Amazon Web Services has officially launched its first caching service in Australia, reigniting years-old rumours that the cloud giant intends to set up shop locally.
The firm this week revealed Sydney as the first Australian location for its content delivery and domain name service networks, adding to the 32 edge routers it has worldwide.
The location, made available through its CloudFront CDN and Route 53 DNS service, would provide local caching for content streamed or downloaded from Australian users, cutting latency for its customers over the two Singapore CDN nodes which were previously Australian customers' closest option.
Amazon launched the edge location "based on customer requests, internal logging, and the response to our recent survey", according to the company in a blog post.
"This new location will speed up the delivery of static, streaming and dynamic content to end users in Australia, and will also accelerate the resolution of DNS queries that originate from within the area," AWS evangelist Jeff Bar said.
The company said it was scouting further locations for more edge routers globally.
The cloud provider is thought to have planned its entry into Australia for some time, slowly establishing staff and infrastructure last year while scouting potential data centre sites in Sydney and Melbourne.
Equinix's SYD3 data centre has most recently emerged as the most likely candidate for Amazon's initial moves into Australia.
Several sources have told CRN sister site iTnews of Amazon reserving significant space in the facility, which is undergoing a $50 million expansion expected for completion in September this year.
Network engineers reported seeing traffic purporting to be from Amazon operating over a NSW-located peer server earlier this month.
A local deployment of full cloud services would allow some of Amazon's largest Australian users – which include telco Vodafone and News Limited – to more actively test and develop on a local facility.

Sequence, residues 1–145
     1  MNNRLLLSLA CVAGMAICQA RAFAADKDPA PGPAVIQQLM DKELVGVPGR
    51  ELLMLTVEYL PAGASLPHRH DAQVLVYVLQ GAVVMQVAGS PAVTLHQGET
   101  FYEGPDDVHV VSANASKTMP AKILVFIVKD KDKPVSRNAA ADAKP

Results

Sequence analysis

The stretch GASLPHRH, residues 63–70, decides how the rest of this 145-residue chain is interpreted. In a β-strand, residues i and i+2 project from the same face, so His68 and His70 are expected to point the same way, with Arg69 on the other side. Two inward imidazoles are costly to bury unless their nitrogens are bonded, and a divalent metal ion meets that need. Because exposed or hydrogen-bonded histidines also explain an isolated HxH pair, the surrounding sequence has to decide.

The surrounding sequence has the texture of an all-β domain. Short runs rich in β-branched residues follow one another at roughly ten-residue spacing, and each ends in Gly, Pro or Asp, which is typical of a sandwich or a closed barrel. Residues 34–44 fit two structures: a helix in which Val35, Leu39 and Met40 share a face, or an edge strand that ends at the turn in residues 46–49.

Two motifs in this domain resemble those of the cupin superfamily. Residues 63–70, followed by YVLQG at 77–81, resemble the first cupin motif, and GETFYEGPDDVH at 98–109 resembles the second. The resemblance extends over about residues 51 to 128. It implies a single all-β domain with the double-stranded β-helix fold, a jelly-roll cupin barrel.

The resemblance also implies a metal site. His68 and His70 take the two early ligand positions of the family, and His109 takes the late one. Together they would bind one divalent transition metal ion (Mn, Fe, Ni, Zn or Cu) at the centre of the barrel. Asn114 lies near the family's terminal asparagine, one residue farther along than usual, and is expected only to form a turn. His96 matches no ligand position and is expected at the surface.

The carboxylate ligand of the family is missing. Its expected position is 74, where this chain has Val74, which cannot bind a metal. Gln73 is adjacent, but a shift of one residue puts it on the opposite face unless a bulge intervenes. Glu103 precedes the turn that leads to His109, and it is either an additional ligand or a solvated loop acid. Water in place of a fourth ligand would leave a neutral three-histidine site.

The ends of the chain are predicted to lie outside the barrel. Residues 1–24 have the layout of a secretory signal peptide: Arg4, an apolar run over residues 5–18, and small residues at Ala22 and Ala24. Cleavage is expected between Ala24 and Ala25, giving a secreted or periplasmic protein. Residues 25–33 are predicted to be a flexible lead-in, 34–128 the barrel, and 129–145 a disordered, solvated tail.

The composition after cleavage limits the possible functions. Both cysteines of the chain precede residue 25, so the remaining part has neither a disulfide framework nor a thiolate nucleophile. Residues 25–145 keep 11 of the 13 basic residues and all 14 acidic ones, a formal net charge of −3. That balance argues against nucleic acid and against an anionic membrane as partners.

Andy Pattinson, commercial director at AWS and salesforce.com consultancy ProQuest said the edge location was likely a "front-runner" to a fuller suite of cloud services.
"We've been hanging out for it," he said. "The edge location demonstrates AWS' increasing commitment to the Australian market."
While Route 53 had become a staple of Amazon Web Services deployments from local organisations, Pattinson said many did not use CloudFront due to the diminishing returns on latency times from Singapore or west coast US data centres.
"CloudFront's going to change that becuase they're going to be able to start serving stuff locally," he said.
"I think existing customers will absolutely start to make use of it and secondly, new customers will use it as a reason to start using AWS as well. Where they have in the past had issues with the latency, obviously they begin to go away now and that's going to be a catalyst for adoption."
A spokeswoman for Amazon Web Services would not comment on the physical location of the company's edge router or confirm plans to more widely launch locally hosted cloud services in Australia.
"Over time, we plan to have more datacenters in different countries and regions around the world," she said.
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Issue: 347 | March 2016